LA><ART PROJECT SPACE
LA><ART is also pleased to present the Los Angeles solo debut of Mexico City-based artist Artemio. Artemioʼs project at LA><ART includes a site-specific exterior talavera tile wall installation at the galleryʼs entryway and a newly commissioned neon sculpture that serves as the central anchor within LA><ARTʼs Project Space. The ornamental patterned design on the tiles, while seemingly abstract and decorative, reveals an intricate assemblage of rifles, guns, knives and other violent weapons that formally contemplate Mexico as an increasingly complex and violent locale. The accompanying neon sculpture in the gallery space echoes the visualornamentation of the exterior tiles to evoke a mandala-like structure that is both aesthetically rich and iconographically loaded. Artemioʼs project coincides with the beginning of Mexicoʼs year-long bicentennial celebrations, while providing a distinct model of rigorous contextual responsiveness. His poetic treatment of Mexicoʼs current tumultuous political condition is reminiscent of a shadowy reality that permeates the intensely visual festivities, thus putting forth a provocative interrogation of a nationalistic climate dependent upon celebratory complacency.
Artemio currently lives and works in Mexico City. He has studied at such institutions as Centro Artesanal Independencia, Mexico City and the Parsons School of Design, New York. Recent solo exhibitions include Hollywoodpedia, Instituto Cultural Peruano Norteamericano, Lima, Peru (2008); and Hollywood Remix, Hayward Gallery, London (2008). Recent group exhibitions include Eventos Sociales, Galeria Arte Mexicano, Mexico City (2007); Perdidos en el despacio, OFF-LIMITS, Madrid, Spain (2007); and Prophets of Deceit, CCA Wattis Institute for Contemporary Art, San Francisco, CA (2006).
LAND—Los Angeles Nomadic Division—has staged a project at the Pacific Design Center with Artemio to coincide with the artistʼs first solo exhibition in Los Angeles at LA><ART.
LA><ART PUBLIC BILLBOARD and LAPD – LA Public Domain
Shana Lutker, Ruin, Los Angeles, 2010, stretched vinyl on billboard, 12.3 x 24.6 feet, courtesy of the artist and LA><ART, Los Angeles
LA><ART WINDOW and ENTRYWAY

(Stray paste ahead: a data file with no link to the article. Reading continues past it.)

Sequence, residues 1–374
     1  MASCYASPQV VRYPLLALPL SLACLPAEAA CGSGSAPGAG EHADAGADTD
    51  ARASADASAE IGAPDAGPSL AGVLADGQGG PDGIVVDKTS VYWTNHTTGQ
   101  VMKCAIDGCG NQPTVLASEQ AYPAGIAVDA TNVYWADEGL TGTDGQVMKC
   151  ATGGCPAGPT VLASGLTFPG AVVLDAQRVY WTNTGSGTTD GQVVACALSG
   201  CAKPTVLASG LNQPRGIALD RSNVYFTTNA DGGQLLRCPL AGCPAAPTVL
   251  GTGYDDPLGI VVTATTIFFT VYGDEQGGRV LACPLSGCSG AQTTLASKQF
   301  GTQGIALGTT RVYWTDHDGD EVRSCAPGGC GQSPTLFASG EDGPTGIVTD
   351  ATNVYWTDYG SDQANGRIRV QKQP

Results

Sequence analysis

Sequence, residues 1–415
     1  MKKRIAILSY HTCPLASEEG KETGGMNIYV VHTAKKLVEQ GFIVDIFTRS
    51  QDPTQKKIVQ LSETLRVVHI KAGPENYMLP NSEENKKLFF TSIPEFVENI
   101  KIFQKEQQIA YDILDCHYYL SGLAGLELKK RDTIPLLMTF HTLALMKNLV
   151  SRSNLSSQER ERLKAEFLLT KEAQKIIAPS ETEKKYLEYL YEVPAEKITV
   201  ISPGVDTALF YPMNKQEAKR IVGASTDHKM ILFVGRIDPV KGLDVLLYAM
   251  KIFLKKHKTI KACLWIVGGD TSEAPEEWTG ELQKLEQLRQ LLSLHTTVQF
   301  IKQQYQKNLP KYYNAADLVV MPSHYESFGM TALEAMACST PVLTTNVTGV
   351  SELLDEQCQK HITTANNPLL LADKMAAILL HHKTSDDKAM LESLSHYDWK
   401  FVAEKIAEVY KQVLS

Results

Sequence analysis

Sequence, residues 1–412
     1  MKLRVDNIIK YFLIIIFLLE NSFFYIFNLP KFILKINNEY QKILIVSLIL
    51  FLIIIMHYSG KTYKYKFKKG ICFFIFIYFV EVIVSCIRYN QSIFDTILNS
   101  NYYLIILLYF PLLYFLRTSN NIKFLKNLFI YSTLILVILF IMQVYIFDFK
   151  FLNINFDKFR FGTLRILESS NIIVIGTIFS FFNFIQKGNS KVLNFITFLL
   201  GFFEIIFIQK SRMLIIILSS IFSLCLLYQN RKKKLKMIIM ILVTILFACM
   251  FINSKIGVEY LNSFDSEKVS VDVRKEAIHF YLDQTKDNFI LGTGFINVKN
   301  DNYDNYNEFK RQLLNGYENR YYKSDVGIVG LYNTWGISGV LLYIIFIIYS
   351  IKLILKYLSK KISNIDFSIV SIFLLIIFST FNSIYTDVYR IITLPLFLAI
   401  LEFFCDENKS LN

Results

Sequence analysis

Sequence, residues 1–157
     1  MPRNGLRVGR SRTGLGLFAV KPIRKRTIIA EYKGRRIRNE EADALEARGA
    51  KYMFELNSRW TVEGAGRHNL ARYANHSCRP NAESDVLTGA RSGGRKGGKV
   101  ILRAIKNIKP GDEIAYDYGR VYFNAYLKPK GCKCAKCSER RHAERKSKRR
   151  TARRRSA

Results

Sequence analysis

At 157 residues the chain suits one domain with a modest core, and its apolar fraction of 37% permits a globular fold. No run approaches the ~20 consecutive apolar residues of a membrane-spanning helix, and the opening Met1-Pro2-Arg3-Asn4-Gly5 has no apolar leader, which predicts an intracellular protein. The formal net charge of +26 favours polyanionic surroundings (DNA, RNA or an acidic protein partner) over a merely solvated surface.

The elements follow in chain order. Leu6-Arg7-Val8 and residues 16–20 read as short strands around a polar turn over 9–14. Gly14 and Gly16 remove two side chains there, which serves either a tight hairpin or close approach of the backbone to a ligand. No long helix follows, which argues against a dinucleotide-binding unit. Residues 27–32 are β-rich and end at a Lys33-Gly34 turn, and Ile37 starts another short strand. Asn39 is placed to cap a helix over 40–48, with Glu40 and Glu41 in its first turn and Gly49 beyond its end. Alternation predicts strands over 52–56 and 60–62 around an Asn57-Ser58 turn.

Mark Hagen, Vapor Parade, 2010, Holographic Double-Axis Diffraction Grating film, 98.5 x 59 inches, courtesy of the artist and LA><ART, Los Angeles; Mark Hagen, Earth Monster, 2010, Mexican Onyx (Onyx Marble) and resin, 48.5 x 24.5 1 inches, courtesy of the artist and LA><ART, Los Angeles
A stone slab of Mexican Onyx that was discarded by the masons hired for the recent Getty Villa renovations has been used by Hagen to fill in the small window space of the gallery. This slab of amber colored marble has been cut thin and shaped to fit the exact dimensions of the window, which visually translates as a piece of stained glass. This stained glass window reveals a cross-section of layers and an authorless, "process-derived" abstraction rather than illustrating a myth or a religious narrative. Playing with the idea of the art historical importance of marble as a medium for figurative sculpture, Hagen has chosen to frame this particular section of the slab in order to emphasize what appears to be the profile view of a head. This gesture speaks to the biological origins of marble, which begin with the sequestering of minerals from the environment by marine organisms to form bones and shells. This process ends after millions of years of deposition and layering of these bones and shells on the sea floor, which through intense heat and pressure crystallize to form marble. Geologyʼs Law of Superposition states that sedimentary layers are deposited in a time sequence with the oldest on the bottom and the youngest on the top. The sideways orientation of the layers in Hagenʼs piece confounds a chronological orientation and impedes the general tendency to see vertical layering as implying a qualitative hierarchy.